The 4,000 ALs play a vital role in the delivery of OU course material and are the primary point of contact for all current students.
What the new contract means
The new, permanent contract highlights the OU’s commitment to ensuring that ALs have the same job security and similar employment benefits as other staff. The contract will further improve the student experience by maintaining the high-level AL study support to students.
Previously ALs were appointed on a module by module basis which for the proportion of ALs who support OU students full-time caused some issues as they were unable to prove a continuous source of income.
Commenting on the result of the negotiations Professor Mary Kellett, Vice-Chancellor of The Open University said,
“It’s hard to describe just how thrilled I am that UCU’s AL members have voted in favour of the new AL contract. This is a huge step towards an inclusive OU family, and a united teaching workforce. My heartfelt thanks go to all who have been involved in negotiations over the years to get us to this point.”
Years in the making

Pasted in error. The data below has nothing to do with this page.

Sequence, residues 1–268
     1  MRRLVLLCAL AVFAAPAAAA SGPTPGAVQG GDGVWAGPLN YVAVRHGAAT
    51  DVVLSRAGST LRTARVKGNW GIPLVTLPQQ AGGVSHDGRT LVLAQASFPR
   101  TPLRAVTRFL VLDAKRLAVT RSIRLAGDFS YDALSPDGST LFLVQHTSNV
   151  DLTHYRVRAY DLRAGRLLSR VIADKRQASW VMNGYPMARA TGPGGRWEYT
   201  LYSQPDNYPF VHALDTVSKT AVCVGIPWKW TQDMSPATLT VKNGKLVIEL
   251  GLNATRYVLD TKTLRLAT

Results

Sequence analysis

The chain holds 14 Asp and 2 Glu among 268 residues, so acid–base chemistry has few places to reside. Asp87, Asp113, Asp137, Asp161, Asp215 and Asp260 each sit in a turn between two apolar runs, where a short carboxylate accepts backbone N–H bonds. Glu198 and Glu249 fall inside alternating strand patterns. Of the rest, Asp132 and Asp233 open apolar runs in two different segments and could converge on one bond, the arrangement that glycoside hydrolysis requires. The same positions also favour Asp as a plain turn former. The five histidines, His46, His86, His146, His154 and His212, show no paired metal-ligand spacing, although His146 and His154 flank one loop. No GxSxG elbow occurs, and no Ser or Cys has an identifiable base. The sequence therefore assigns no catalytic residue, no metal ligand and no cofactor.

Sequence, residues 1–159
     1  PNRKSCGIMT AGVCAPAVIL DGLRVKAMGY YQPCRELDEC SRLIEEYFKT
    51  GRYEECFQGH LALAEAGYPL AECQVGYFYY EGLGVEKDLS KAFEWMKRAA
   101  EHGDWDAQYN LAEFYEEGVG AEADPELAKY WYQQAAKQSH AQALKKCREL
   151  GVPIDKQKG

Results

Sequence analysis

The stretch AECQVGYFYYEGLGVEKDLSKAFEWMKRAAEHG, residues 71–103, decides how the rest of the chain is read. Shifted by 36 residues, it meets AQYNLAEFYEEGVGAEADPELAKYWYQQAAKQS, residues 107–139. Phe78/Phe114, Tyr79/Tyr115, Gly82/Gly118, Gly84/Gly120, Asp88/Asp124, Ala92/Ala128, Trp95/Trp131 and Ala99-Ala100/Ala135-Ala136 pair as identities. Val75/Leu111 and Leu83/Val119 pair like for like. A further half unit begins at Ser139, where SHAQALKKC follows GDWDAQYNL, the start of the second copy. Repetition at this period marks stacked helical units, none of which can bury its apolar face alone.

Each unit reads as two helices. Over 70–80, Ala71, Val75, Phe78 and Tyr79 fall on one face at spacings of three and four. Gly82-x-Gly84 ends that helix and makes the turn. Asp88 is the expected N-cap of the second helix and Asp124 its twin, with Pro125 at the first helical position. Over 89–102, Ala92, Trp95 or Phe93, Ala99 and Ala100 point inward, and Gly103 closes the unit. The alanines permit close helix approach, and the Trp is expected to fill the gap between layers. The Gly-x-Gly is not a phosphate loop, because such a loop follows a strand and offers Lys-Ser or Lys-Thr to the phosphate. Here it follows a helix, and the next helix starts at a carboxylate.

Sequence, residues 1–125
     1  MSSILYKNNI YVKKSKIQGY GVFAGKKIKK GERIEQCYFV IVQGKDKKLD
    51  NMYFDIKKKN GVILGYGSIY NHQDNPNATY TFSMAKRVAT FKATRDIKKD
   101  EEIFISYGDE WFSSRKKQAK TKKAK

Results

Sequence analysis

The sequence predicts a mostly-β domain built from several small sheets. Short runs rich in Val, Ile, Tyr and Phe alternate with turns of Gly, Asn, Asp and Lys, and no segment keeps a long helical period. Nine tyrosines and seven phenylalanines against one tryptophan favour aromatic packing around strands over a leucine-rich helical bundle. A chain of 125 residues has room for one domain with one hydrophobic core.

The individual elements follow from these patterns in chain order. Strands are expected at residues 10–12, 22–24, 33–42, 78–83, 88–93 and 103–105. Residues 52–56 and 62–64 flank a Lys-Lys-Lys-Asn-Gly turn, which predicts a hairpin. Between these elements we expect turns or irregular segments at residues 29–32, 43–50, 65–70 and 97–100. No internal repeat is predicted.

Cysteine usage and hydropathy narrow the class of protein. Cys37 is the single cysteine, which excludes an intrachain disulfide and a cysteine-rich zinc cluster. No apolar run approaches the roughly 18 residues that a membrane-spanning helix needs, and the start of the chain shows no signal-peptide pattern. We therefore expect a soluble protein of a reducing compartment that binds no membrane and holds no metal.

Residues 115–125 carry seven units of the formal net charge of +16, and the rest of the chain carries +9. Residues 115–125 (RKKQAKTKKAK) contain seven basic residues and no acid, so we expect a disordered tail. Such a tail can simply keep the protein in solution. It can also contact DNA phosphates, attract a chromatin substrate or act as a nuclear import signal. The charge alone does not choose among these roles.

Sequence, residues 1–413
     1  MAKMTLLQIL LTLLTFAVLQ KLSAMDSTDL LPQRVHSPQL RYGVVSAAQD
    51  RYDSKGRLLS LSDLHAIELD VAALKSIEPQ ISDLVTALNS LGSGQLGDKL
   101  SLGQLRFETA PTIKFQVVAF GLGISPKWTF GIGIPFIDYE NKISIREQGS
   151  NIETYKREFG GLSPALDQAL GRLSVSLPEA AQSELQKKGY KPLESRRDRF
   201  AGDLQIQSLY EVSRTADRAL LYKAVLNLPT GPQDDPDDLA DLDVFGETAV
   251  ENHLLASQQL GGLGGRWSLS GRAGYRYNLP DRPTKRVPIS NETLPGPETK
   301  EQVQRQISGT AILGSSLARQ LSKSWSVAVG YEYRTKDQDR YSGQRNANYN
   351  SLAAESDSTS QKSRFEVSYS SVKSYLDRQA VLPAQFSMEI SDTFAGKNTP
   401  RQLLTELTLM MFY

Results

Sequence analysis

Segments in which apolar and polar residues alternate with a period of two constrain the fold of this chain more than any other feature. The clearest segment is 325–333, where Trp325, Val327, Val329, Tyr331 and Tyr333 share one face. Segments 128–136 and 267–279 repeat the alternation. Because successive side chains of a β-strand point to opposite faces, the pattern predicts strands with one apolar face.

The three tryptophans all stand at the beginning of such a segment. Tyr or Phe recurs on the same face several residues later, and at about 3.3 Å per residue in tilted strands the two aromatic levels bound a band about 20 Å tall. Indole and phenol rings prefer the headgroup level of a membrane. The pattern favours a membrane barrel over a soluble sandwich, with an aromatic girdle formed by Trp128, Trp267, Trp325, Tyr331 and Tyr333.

Lydia Richards, UCU Regional Officer, said,‘The new contract is a huge step forward for associate lecturers at the Open University. It means they are free from the fear of being out of work if there is a fluctuation in student numbers.
‘Other universities could learn a lot from the way the Open University has approached this issue. We need to move away from a hiring and firing culture if numbers change to ensure better security for staff. Universities should be looking to negotiate with the union, not trying to sweep the issue of casual employment under the carpet.’
“It has taken years of hard work to get here and we know that there is still a lot to be sorted, but UCU are delighted with the result. This represents a huge move forward on behalf of the University in ending casualisation at the OU. UCU will continue to work hard on behalf of our members at the OU and value the positive way in which these negotiations have been handled.”
The new contract arrangements are setting a new president for the sector and will take up to two years to implement.